Viet Nam News
Nguyễn Khánh Chi
Recently, a top transport official said drivers who lose their licence should have to sit a driving test again.
That’s lose as in misplace, not lose as in break traffic laws. Crazy, I know.
Minister of Transport Nguyễn Văn Thể made the proposal in front of the National Assembly’s Justice Committee last week.
Though his heart was in the right place in attempting to tackle those who take advantage of generous re-issuance policies by reporting their licence stolen to get new cards after having theirs revoked, the policy is inconsistent with the ministry’s own regulations.
A 2017 circular from the minsitry dictates that one is eligible for a replacement if they lose their licence, as long as it hasn’t been revoked or seized by authorities.
In New South Wales, Australia where I lived for two years you can order a replacement online if your licence card has been lost, stolen or destroyed provided you meet certain criteria.
It’s understandable the minister came up with such an extreme measure, given the large number of traffic violations and accidents in Việt Nam every day.
But as the head of the transport sector, the minister should have thought of measures to improve, if not to say modernise, the management of driving licences rather than to create more problems for people already suffering from traffic problems.
Forcing thousands of drivers to take tests just to deal with the much smaller number of wrongdoers is not the right move.
I would hate to have to take another driving test if I lost my licence. I spent a lot of time and money to past my test the first time, and it took three attempts!
As Việt Nam modernises, there is no place for more paper and cumbersome administrative procedures, as they bring unnecessary financial and time costs for society.
Dear minister, could you please give this a second thought?
Could you please cut red tape and reduce paperwork by using technology in the transport sector, like the medical sector has with health records?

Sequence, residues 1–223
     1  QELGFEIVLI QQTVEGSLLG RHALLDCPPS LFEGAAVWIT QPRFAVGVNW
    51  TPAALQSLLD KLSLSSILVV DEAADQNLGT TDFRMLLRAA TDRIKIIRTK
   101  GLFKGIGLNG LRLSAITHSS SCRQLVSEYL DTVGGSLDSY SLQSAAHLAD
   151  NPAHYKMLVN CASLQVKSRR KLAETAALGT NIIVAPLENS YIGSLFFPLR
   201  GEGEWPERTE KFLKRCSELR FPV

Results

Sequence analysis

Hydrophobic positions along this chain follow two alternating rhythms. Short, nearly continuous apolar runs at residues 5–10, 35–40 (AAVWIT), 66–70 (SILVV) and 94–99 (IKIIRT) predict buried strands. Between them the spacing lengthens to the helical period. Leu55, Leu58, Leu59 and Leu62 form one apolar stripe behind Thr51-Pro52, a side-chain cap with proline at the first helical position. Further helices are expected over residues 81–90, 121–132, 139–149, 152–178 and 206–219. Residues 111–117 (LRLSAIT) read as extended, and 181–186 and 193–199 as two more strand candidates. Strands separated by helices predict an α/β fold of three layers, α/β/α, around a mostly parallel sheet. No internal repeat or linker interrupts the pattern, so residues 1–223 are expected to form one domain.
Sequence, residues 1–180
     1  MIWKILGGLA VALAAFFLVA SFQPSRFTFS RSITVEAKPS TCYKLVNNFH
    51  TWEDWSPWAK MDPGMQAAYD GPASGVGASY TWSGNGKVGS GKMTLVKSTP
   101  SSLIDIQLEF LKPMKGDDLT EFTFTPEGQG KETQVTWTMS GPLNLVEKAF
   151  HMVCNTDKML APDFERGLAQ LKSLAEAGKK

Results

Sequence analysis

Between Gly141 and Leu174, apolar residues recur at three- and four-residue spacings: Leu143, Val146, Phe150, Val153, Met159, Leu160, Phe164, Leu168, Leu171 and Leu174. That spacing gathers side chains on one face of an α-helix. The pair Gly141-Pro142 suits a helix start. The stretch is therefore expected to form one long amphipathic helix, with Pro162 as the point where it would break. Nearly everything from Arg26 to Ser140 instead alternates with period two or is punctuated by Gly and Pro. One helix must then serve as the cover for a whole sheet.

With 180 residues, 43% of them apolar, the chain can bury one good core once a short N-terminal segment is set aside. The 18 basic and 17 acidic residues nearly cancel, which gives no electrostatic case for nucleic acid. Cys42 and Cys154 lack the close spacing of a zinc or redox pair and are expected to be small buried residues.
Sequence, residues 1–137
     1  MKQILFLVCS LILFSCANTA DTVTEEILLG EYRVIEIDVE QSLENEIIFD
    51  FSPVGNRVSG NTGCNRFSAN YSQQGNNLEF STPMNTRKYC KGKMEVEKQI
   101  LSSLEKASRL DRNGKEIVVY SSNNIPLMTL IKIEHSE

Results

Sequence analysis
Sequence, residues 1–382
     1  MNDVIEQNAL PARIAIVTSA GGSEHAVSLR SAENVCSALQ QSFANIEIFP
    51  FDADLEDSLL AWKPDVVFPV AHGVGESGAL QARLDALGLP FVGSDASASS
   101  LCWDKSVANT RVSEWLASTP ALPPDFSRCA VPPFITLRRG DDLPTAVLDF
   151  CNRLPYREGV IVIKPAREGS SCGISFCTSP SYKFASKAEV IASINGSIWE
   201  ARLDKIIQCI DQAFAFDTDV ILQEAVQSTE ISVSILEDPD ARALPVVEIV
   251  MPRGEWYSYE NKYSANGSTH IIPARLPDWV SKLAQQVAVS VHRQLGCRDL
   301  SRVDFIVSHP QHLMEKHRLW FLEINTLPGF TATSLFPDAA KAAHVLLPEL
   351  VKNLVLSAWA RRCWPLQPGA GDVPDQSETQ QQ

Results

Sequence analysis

These efforts form part of the Government’s resolve to accelerate the establishment of a digital Government to best serve the people and businesses.
Illustrative photo. — https://news.otofun.net
So, please be realistic, minister!
Take actions based on reality and technological advances. Please promptly fix loopholes and put forward new practical solutions. With the use of advanced technologies, public services can quickly and easily serve people.
Prime Minister Nguyễn Xuân Phúc has repeatedly requested the Government, ministers, sectors and localities to change their mindset and take action to build a non-paper Government to improve management works. As a member of the Government, I’m pretty sure Minister Thể is well aware of this. The transport ministry itself reported it had cut 201 of a total 486 administrative procedures by September last year.
Việt Nam is integrated deeply regionally and internationally and as we get more connected, life should get easier for the people and the Government. State units can’t function if their heads do not keep up with modern trends.
To wit, Dr Lê Thanh Vân, a member of the National Assembly’s Committee of Finance and Budget Committee, said old-fashioned laws cannot be used to oversee new technologies.
“The parliamentary supervision of the administrative apparatus in 2011-15 revealed plenty of shortcomings such as less effective apparatus with overlapping functions, which fails to satisfy the present management, not to say the management requirements in Industry 4.0,” Vân said.
National Assembly deputy Lưu Bình Nhưỡng reiterated that Việt Nam is attempting to reduce cumbersome administrative procedures, but “we talk much about the Industry 4.0 but in reality we talk zero point for management.”
Việt Nam is a little closer to a digital government and economy with the National e-Document Exchange Platform launched on Tuesday. With that, I have high hopes that soon things like registering for a new driver licence and paying traffic violation fees will be as easy as ordering food on my phone.
But if those in management positions do not think digital, the road towards Industry 4.0 or a practical digital government will be far out of reach.
The clock is ticking, so there’s no time to say “no” to e-government. — VNS